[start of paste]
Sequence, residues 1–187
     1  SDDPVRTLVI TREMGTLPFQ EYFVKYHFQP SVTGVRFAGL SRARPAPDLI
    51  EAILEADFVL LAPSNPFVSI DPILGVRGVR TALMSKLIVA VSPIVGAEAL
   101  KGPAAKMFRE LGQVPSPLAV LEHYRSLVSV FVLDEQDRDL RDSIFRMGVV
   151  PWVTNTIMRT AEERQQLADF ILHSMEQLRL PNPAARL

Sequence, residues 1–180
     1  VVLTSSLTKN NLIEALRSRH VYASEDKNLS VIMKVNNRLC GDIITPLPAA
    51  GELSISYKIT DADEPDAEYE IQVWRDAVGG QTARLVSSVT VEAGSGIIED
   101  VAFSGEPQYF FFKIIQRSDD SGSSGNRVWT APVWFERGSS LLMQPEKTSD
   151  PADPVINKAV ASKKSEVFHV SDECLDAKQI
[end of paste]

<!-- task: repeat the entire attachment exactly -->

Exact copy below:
Sequence, residues 1–187
     1  SDDPVRTLVI TREMGTLPFQ EYFVKYHFQP SVTGVRFAGL SRARPAPDLI
    51  EAILEADFVL LAPSNPFVSI DPILGVRGVR TALMSKLIVA VSPIVGAEAL
   101  KGPAAKMFRE LGQVPSPLAV LEHYRSLVSV FVLDEQDRDL RDSIFRMGVV
   151  PWVTNTIMRT AEERQQLADF ILHSMEQLRL PNPAARL

Sequence, residues 1–180
     1  VVLTSSLTKN NLIEALRSRH VYASEDKNLS VIMKVNNRLC GDIITPLPAA
    51  GELSISYKIT DADEPDAEYE IQVWRDAVGG QTARLVSSVT VEAGSGIIED
   101  VAFSGEPQYF FFKIIQRSDD SGSSGNRVWT APVWFERGSS LLMQPEKTSD
   151  PADPVINKAV ASKKSEVFHV SDECLDAKQI